|Publication number||US5636469 A|
|Application number||US 08/690,937|
|Publication date||Jun 10, 1997|
|Filing date||Aug 1, 1996|
|Priority date||Aug 1, 1996|
|Publication number||08690937, 690937, US 5636469 A, US 5636469A, US-A-5636469, US5636469 A, US5636469A|
|Inventors||Frank R. Pizzolo, Salvatore A. Pizzolo|
|Original Assignee||Pizzolo; Frank R., Pizzolo; Salvatore A.|
|Export Citation||BiBTeX, EndNote, RefMan|
|Patent Citations (18), Referenced by (38), Classifications (10), Legal Events (3)|
|External Links: USPTO, USPTO Assignment, Espacenet|
1. Field of the Invention
This invention relates generally to multi function receptacles and more particularly, to an improved apparatus especially constructed to accommodate various fishing tackle items.
2. Description of the Prior Art
The variations of known so called tackle boxes as employed by fishermen are practically endless. Every sport or recreational fisherman utilizes one or more container devices to house and provide transport for the myriad of accouterments felt to be indispensable in the furtherance of their chosen sport. The difficulty in arriving at the most ideal tackle box is compounded by the diversity of equipment most all fishermen find necessary. Included, of course, are fishing rods together with a bait container, fish cleaning tool, hooks, sinkers, line, floats, leaders and lures, just to mention the most obvious. Five gallon plastic buckets or pails have become a basic catch all device when one does not have a more orderly means of storing and transporting their fishing gear. Such buckets are readily obtainable when nothing else more acceptable is at hand as these buckets are used in the shipping of spackling compound as used in finishing drywall joints and may be had, usually at no cost, wherever building construction or renovation is underway. Of course, a mere bucket falls far short of providing a convenient, orderly tackle box as all of a fisherman's gear is just tossed into such a container and subsequent use may actually prove dangerous as one gropes through the tackle therein to locate a particular snelled hook, for example.
Thus, a single unitary apparatus providing ready storage of a multitude of tackle items is a highly desirable device and ideally should provide for or accommodate various other peripheral items such as fish cleaner, measurer and bait or fish catch receptacle, with each defined as a separate but integral portion of the unitary apparatus.
An example of a multi function carrier will be found in U.S. Pat. No. 4,648,121 issued Mar. 3, 1987 to Lowe and which defines a backpack including an alternative exterior pocket as well as external loops or straps for the attachment of diverse items thereto, while a single removable inner bag is offered and which completely fills the interior of an external bag. This patented device differs from the instant invention wherein a unitary rigid assembly includes a plurality of vertically stacked, individual compartments serving to isolate diverse fishing tackle items, in combination with a horizontally removable waterproof receptacle.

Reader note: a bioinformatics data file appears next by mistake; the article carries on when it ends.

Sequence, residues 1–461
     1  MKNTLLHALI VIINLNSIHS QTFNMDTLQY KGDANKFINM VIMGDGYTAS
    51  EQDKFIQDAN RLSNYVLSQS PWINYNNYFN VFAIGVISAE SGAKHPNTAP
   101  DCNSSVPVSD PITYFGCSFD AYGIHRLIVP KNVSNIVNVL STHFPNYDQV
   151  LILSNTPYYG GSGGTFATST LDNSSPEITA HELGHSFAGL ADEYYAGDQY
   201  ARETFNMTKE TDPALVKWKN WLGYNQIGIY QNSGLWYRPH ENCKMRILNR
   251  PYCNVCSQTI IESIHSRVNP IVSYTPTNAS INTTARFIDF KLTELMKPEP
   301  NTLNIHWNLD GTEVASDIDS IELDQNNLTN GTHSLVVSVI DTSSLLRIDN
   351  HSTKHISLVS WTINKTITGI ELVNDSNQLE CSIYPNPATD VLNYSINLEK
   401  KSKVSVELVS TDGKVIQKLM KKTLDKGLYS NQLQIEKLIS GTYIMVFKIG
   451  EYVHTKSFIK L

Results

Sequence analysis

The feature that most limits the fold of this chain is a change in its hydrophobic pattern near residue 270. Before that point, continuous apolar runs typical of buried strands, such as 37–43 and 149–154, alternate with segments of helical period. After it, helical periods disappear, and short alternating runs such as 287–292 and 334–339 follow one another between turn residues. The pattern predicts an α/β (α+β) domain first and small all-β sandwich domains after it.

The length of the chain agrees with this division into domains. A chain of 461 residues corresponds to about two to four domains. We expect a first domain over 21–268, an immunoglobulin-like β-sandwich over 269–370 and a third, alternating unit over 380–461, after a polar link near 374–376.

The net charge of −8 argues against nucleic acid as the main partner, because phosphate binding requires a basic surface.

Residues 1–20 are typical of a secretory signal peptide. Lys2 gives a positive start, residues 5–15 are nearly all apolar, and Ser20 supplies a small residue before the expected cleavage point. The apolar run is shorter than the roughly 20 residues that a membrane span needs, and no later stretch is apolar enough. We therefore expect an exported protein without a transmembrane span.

U.S. Pat. No. 4,691,469 issued to Alsobrook et al. on Sep. 8, 1987 is directed to a fishing tackle apparatus per se and illustrates a bag device of soft construction having removable and rollable components for the storage of various tackle elements and includes VELCRO strips for securing the rolled components. This is unlike the present invention wherein a rigid or hardened apparatus includes removable or displaceable rigid components arranged to more positively separate tackle items and retain them in a most orderly and isolated manner.
Another backpack device is shown in U.S. Pat. No. 4,940,173 issued Jul. 10, 1990 to Jacober and which comprises a softpack having various alternate zippered compartments serving to accommodate an insulated container. This is contrary to the current invention wherein a hardened apparatus having rigidly constructed, stacked compartments are combined with a sheathed receptacle for a fish cleaning knife, together with several additional components specifically arranged for use by fishermen.
U.S. Pat. No. 5,275,316 issued to Kish on Jan. 4, 1994 relates to a further backpack intended for use by fishermen and includes a rigid frame supporting soft fabric and having a plurality of individual compartments, with the frame including a pivotal leg allowing of support of the backpack upon the ground. This arrangement differs from the present invention wherein an allrigid construction offers a plurality of stacked compartments allowing for the isolated, sorted storage of diverse fishing gear, in combination with a waterproof bait or fish receptacle and other tackle devices.
U.S. Pat. Nos. 5,303,500 and 5,305,544 issued respectively to Luukonen and Testa, Jr. on Apr. 19, 1994 and Apr. 26, 1994 disclose examples of hardened fishing tackle devices. In Luukonen, a bucket is modified to include an exteriorly attached apron providing slots or pockets to loosely accommodate various tackle elements while a plurality of compartmented circular trays are disposed within the confines of the bucket to receive hooks and the like. In the case of the Testa, Jr. apparatus, a cooler chest like device is partitioned to provide a wet side capable of serving as a live bait section while a measuring scale is formed on the removable top cover. Neither of the above devices offer the plurality of stacked, slidable compartments of the instant apparatus nor include a separate, removable bait/catch receptacle.
None of the above inventions and patents, taken either singly or in any combination, is seen to even remotely suggest or describe the instant invention as claimed herein.